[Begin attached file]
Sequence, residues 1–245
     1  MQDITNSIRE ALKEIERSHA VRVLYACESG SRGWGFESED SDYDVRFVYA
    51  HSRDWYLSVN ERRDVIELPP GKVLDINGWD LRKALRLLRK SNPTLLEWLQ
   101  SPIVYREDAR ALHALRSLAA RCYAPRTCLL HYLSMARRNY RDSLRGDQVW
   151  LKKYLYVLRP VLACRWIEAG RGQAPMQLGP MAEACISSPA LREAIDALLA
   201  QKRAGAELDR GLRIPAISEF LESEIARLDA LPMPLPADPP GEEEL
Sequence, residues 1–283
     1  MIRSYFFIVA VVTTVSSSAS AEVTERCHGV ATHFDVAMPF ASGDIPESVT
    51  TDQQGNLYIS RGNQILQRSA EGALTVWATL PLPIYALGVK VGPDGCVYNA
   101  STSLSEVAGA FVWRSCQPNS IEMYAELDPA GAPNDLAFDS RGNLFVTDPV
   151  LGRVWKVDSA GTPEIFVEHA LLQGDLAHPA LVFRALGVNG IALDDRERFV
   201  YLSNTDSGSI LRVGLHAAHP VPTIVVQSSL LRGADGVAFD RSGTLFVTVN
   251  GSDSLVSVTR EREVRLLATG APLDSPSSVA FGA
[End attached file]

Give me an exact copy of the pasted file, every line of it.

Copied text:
Sequence, residues 1–245
     1  MQDITNSIRE ALKEIERSHA VRVLYACESG SRGWGFESED SDYDVRFVYA
    51  HSRDWYLSVN ERRDVIELPP GKVLDINGWD LRKALRLLRK SNPTLLEWLQ
   101  SPIVYREDAR ALHALRSLAA RCYAPRTCLL HYLSMARRNY RDSLRGDQVW
   151  LKKYLYVLRP VLACRWIEAG RGQAPMQLGP MAEACISSPA LREAIDALLA
   201  QKRAGAELDR GLRIPAISEF LESEIARLDA LPMPLPADPP GEEEL
Sequence, residues 1–283
     1  MIRSYFFIVA VVTTVSSSAS AEVTERCHGV ATHFDVAMPF ASGDIPESVT
    51  TDQQGNLYIS RGNQILQRSA EGALTVWATL PLPIYALGVK VGPDGCVYNA
   101  STSLSEVAGA FVWRSCQPNS IEMYAELDPA GAPNDLAFDS RGNLFVTDPV
   151  LGRVWKVDSA GTPEIFVEHA LLQGDLAHPA LVFRALGVNG IALDDRERFV
   201  YLSNTDSGSI LRVGLHAAHP VPTIVVQSSL LRGADGVAFD RSGTLFVTVN
   251  GSDSLVSVTR EREVRLLATG APLDSPSSVA FGA